Some breakfast ideas:

  1. Scrambled or hardboiled eggs on whole wheat toast.Don’t ditch the yolks: “The fat in them helps keep you full, and that’s what gives your eggs flavor,” says Zeitlin.
  2. Oatmeal made with milk, topped with a cup of fruit and ounce of nuts.“There’s no real reason to choose fat-free [dairy],” says Langer. “With fat it tastes so much better, and fat is good for satiety.”
  3. Two or 4 percent Greek yogurt with fruit and nuts.Same here: Choose yogurt with some level of fat so you’re not hungry again an hour later.

For more delicious breakfast ideas, check out 10 Whole30 Breakfast Recipes You’ll Actually Want To Eat.

10:30 A.M.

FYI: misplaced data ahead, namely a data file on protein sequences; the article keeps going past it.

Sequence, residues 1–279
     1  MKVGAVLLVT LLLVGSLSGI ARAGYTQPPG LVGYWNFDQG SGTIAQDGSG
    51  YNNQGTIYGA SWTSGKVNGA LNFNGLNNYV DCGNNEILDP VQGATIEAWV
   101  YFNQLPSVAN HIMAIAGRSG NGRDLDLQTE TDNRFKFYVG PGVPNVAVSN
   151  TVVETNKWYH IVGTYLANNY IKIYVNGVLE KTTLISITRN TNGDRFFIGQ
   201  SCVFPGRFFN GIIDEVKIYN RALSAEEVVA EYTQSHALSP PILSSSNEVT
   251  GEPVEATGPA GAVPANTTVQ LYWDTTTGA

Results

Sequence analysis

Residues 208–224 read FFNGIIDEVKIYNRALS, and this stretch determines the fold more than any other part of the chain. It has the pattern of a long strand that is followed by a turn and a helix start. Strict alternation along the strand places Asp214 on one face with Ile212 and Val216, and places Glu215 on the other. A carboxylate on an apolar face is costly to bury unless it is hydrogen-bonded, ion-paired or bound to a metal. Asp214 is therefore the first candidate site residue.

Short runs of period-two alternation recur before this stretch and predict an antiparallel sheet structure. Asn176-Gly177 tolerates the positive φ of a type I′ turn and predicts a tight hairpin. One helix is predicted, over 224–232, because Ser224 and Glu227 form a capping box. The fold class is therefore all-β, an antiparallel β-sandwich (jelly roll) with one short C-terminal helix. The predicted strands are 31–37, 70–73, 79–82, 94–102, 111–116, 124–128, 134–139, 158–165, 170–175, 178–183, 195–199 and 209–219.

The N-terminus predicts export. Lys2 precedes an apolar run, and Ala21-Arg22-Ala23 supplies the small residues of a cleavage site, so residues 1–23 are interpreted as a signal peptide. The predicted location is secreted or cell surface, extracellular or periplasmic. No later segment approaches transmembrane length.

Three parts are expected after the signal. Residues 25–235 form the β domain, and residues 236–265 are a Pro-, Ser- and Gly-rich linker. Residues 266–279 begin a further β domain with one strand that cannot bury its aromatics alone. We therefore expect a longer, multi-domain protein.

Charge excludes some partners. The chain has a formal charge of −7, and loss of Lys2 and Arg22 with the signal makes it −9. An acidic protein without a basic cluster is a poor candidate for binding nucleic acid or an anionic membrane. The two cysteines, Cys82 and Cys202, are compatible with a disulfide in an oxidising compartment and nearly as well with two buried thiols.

“If you’re having a late lunch, you definitely want to squeeze in a mid-morning snack that is going to pack the greatest punch,” says Zeitlin. The mid-morning snack is somewhat optional; depending on your breakfast, you might be able to cruise through to lunch with nary a hunger pang. But if you do opt for a mid-morning snack, keeping it under 200 calories is a good idea. Otherwise, it starts getting into meal territory.

Some mid-morning snack ideas:

  1. About an ounce of nuts.“My go-to snack right now is a 100-calorie pack of Wonderful pistachios,” says Zeitlin. “They are a good source of that protein/fiber combo that is so vital to stay alert, plus they are loaded in healthy fats, which help me make it to lunch with no problem!”
  2. A piece of whole wheat toast with avocado and hot sauce.In addition to being almost unbelievably delicious, avocado’s healthy fats can help keep you full, says Langer. Stick to 1/4 of an avocado or less to stay within the 200-calorie guideline.